Purdue cruises past N.C. State to advance to national title game

GLENDALE, Ariz. — DJ Horne has taken a long road to the Final Four.

The 6-foot-2, 180-pound guard has been the undersized, unoffered recruit out of North Carolina State’s base of Raleigh. He’s been the strong mid-major performer for two years at Illinois State, followed by the reliable scorer at power-conference program Arizona State.

And now, he’s the twice-over homecoming star: playing a lone season with the Wolfpack to net the most improbable of Final Four runs that has brought him back to the state of Arizona, less than an hour from his previous college stop with the Sun Devils.

“Everybody has their own path,” Horne said yesterday.

The player that’s getting this shot now is very different from the one who left North Carolina as a three-star recruit to play for the Redbirds of the Missouri Valley Conference. He took a second-year jump in production there to average 15.1 points in 2020-21 while shooting 44.6% from the field and 42.4% from 3-point range, making him an attractive player just in time for NCAA legislation clearing the way for players to transfer without having to sit out at a new school.

That ultimately led Horne to Arizona State.

Horne averaged 12.5 points while starting 62 games over two seasons for the Sun Devils, including their return to March Madness after missing two straight NCAA fields. Horne also came up big in Arizona State’s lone tournament game, crossing over defender Rondel Walker to create some space and then burying a straightaway 3-pointer to tie the game with 15.6 seconds left and finishing with a team-high 17 points in a narrow loss to TCU.

“DJ’s a fighter, he believes in himself,” Sun Devils coach Bobby Hurley said. “Like a lot of small guards, he plays with a chip on a shoulder. When he gets going and starts making a couple shots, man, you better look out because he’s a dangerous guy. I think his confidence grows, his belief grows.”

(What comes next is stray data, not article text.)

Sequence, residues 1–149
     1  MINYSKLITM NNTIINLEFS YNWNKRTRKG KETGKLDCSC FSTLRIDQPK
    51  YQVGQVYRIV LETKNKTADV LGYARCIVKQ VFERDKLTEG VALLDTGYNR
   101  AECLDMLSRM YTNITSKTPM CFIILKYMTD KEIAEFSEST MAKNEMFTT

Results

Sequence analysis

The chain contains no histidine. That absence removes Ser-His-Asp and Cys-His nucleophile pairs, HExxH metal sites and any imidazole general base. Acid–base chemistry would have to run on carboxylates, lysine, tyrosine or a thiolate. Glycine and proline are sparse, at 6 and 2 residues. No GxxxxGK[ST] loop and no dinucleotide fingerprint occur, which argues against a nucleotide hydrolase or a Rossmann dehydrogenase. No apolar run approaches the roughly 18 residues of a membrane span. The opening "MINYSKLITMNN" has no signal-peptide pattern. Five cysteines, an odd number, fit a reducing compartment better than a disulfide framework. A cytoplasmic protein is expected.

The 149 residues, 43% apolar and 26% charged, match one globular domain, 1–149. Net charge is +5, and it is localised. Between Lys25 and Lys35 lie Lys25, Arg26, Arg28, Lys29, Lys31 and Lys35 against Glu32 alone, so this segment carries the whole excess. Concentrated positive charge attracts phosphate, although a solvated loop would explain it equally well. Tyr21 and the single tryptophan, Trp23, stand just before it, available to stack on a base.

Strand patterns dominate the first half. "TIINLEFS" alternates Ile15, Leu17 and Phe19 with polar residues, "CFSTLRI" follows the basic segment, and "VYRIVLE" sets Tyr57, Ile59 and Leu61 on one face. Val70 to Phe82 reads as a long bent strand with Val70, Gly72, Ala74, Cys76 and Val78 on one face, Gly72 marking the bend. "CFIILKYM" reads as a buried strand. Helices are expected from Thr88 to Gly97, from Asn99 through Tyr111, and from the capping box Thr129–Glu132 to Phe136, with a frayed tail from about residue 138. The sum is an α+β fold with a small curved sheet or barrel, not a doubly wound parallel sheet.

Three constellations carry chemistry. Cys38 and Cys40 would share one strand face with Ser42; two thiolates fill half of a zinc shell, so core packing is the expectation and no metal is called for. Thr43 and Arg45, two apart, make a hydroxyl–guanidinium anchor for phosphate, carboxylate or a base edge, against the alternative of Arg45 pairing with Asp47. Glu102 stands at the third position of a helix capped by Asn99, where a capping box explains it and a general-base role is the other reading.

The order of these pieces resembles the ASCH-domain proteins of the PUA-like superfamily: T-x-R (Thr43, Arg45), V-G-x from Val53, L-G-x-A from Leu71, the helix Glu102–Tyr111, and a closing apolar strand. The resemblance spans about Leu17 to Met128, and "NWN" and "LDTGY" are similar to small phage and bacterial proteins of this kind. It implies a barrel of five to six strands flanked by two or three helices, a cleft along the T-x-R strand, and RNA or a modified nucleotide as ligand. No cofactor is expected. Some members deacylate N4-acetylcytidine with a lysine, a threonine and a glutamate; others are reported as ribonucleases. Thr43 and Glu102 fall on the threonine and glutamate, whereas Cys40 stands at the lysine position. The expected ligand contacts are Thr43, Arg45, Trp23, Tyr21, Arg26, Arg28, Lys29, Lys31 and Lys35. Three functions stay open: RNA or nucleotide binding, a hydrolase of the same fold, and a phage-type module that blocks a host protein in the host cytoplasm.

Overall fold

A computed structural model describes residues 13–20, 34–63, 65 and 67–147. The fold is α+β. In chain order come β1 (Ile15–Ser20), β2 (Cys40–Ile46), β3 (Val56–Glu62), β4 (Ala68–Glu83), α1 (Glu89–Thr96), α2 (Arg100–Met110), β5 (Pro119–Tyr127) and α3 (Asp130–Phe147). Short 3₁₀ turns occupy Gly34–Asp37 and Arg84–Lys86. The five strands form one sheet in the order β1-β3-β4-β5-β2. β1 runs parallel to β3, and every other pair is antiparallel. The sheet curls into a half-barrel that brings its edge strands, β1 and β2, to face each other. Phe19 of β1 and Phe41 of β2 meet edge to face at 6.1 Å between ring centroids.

Across the country around that time, Wolfpack coach Kevin Keatts was looking for backcourt help as he retooled the roster after the loss of high-scoring duo Jarkel Joiner and Terquavion Smith. Horne’s development was perfectly timed. He became the top addition for the Wolfpack, who had reached the NCAAs last season.

“Coming in, (Keatts) basically gave me the keys, man,” Horne said.

Joel Justus, a Wolfpack assistant coach who works with the guards, said Horne arrived with confident polish, strengthened through building successful seasons at the mid-major and then the power-conference levels to appear in 159 college games.

Horne has risen to the challenge, averaging a team-high 16.8 points with multiple big showings during N.C. State’s nine-game surge that led to an ACC Tournament title (the first since 1987) and this improbable Final Four trip. The highlight was his 29 points in the ACC title game to take down eventual No. 1 NCAA regional seed North Carolina, then coming through with 39 points and six 3-pointers in the wins against Marquette and Duke — the second of this March surge against the Blue Devils — that advanced the 11th-seeded Wolfpack out of the South bracket.

It’s a run that has harkened back to the Wolfpack’s miracle run 41 years earlier, earning 2024 a place in Wolfpack lore alongside 1983 and the 1974 squad that won the national championship — a run that included beating UCLA in the Final Four to end John Wooden’s run of seven straight championships.

Horne admitted he had allowed himself to dream a bit as he left Arizona State last year about the possibility of returning to the state to play in the Final Four. That’s exactly what he was doing yesterday as the Wolfpack took the court for its open practice, breaking into big smiles and bobbing his head along with music from the Wolfpack band during the festive event.

Like with everything else, Horne gets to savor that wrinkle, too.

“I was already planning on coming back out here to visit my guys and everything,” Horne said. “But expenses-paid trip and the Final Four, it doesn’t get any better than that. Just to see that it came full circle and it’s right here in front of my face now, I’m ready to take advantage of it.”

First appeared on www.nbcnews.com

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